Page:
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Department of Human Services

DFRA Photo Evidence

REPA Fact Sheet 8

Fact sheet 8: DRFA Photo Evidence (PDF 847.7 KB)

Photo evidence for each damaged asset can prove:

  • location of the damage
  • the damage was caused by the event
  • scope and scale of the damage
  • details of the damage.

Photos do not prove a link to the event on their own – they complement other reporting formats to determine pre-disaster condition. An organisation’s asset management system is the main tool used to assess pre-disaster condition.

Collecting and providing photos

Take photos as quickly as possible after an event – the more time that passes between the event and taking photos, the harder it is to show that the event caused the damage.

As soon as you can, choose your best photos and make sure you give them clear file names and dates.

File the images somewhere easily accessible so you can provide them to the Department of Treasury and Finance, State auditors and Commonwealth government auditors for verification when needed.

Format and file information

  • High-resolution, colour JPEGs
  • Good quality, free of glare or dark/patterned shadows, and clearly showing damage to the asset
  • Includes EXIF metadata in photo file, for example, GPS coordinates and time/date taken.

GPS coordinates linked to photo evidence - example diagram

 Topographic map of an area marked to show areas of damage and referring to photo evidence.

Taking good photos of damaged assets

Preparation and organisation

  • Use a GPS-enabled camera to capture the location of the asset’s damage
  • Check that the GPS is on and reporting correct location
  • Make sure the date and time are set correctly
  • Check that the resolution is set to medium-to-high for quality photos
  • Keep your charger, back-up batteries and memory cards handy
  • Label, save and manage your photos well to link them to the specific asset being claimed
    • Save photos in folders by asset using descriptive file names, for example asset name and chainage
    • Use clear file references when you return to the office and back up your files. This will help when delivering works and during the close-out phase.

Photos of roads

  • Does the photo show the damage from the event? If not, can you see the indicators of damage? Point it out, you have to show the damage to claim it The number of photos needed varies. You need some showing the scale of the damage, some showing the detail (extent/length) of the damage and some looking along the road (or other asset) to show the context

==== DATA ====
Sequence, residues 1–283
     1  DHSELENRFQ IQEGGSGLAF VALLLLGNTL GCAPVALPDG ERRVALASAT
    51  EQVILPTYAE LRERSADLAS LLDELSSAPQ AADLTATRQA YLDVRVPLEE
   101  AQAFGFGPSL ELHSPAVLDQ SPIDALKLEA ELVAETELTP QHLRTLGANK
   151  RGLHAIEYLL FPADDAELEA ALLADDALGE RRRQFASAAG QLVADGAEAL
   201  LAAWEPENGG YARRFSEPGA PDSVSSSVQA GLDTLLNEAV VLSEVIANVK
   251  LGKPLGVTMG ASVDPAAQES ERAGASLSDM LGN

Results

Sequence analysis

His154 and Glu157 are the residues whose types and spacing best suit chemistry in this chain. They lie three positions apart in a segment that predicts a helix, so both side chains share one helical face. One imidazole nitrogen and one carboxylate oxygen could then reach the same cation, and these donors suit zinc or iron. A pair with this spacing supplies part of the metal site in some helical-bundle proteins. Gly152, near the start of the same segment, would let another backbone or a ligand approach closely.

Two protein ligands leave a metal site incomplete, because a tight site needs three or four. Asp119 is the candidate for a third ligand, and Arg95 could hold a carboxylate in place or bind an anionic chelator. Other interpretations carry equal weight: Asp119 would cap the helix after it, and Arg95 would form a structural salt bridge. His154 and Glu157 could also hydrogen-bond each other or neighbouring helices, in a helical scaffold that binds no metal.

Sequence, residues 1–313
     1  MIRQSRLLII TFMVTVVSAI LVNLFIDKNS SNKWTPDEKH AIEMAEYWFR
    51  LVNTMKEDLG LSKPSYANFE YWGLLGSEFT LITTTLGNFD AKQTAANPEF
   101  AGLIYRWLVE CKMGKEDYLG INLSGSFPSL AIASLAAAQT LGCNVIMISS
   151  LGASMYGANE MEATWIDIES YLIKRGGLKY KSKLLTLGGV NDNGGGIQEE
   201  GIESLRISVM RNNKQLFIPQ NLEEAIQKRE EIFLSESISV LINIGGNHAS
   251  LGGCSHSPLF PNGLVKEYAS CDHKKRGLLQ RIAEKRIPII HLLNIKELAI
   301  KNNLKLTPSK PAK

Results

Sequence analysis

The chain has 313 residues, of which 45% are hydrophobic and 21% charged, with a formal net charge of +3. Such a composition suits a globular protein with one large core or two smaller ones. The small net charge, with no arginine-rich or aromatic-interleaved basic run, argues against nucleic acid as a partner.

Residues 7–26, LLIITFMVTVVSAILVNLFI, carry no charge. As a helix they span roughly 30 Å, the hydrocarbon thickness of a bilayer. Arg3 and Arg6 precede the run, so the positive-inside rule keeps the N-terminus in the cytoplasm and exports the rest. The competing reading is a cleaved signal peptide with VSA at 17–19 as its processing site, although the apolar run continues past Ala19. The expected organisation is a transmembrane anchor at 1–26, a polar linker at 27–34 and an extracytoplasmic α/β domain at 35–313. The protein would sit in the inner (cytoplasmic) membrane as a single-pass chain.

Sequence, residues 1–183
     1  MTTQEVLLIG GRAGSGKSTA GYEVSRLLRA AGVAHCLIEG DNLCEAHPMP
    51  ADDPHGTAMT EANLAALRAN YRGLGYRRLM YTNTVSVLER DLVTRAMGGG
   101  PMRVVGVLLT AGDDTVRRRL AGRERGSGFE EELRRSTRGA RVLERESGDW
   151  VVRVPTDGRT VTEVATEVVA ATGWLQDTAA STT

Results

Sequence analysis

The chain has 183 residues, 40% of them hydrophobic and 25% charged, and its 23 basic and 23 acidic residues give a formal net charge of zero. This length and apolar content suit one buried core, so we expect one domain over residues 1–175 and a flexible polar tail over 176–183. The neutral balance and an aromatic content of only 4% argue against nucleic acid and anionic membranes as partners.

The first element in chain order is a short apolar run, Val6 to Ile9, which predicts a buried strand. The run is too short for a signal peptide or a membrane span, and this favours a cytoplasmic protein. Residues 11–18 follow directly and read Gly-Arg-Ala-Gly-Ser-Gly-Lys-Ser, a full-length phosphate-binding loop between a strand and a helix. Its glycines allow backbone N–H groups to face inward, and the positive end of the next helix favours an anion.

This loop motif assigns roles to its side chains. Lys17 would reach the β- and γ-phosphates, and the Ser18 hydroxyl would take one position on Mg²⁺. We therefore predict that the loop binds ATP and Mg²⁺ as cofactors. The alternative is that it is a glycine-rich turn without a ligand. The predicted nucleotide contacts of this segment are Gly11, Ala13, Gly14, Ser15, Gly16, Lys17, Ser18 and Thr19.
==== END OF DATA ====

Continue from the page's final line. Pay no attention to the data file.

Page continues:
• Sequential image numbers along chainages help in telling the overall story and enable the order of images to be identified
  • Take photos at set intervals along the damaged asset. This is important to show consistent damage and consistent treatment requirements or variances in damage and variations in treatments
  • Early morning and late afternoon provide optimum contrast to capture damage in road surfaces but avoid glare and dark shadows
  • Get down low to demonstrate distinctive damage features (such as pavement deformation) and support proposed treatments
  • Mark the damage where it is hard to see (for example, use spray paint)
  • Use a straight edge and measure to demonstrate damage. Take a photo of the full straight edge
  • Use a ruler or tape measure to demonstrate depth/width/distance. For large distances/widths, consider using a vehicle, person or other scalable landmark.

How to do it

Use a straight edge

Asphalt road extends from the viewer's feet almost to the horizon. A straight rod has been laid across the road to show the depth of the ruts in the road.
Demonstrates extent of damage into distance and good use of straight edge.
Asphalt road extends from the viewer's feet directly to the horizon. The asphalt marked with spray paint.
Marking out shows damage clearly and planned works.
Dirt road extends from the viewer's feet directly to the horizon. The road edges are cracked and broken.
Shows damage clearly and extends into distance.
Close-up of asphalt road. A straight rod has been put down to show the depth of the ruts in the road.
Use of straight edge to show damage close up.

Showing scope

Asphalt road extends from the viewer's feet directly to the horizon. The asphalt is cracked and rutted.
Clearly shows damage and that it extends into distance.
Dirt road extends from the viewer's feet directly to the horizon. The road surface is deeply rutted.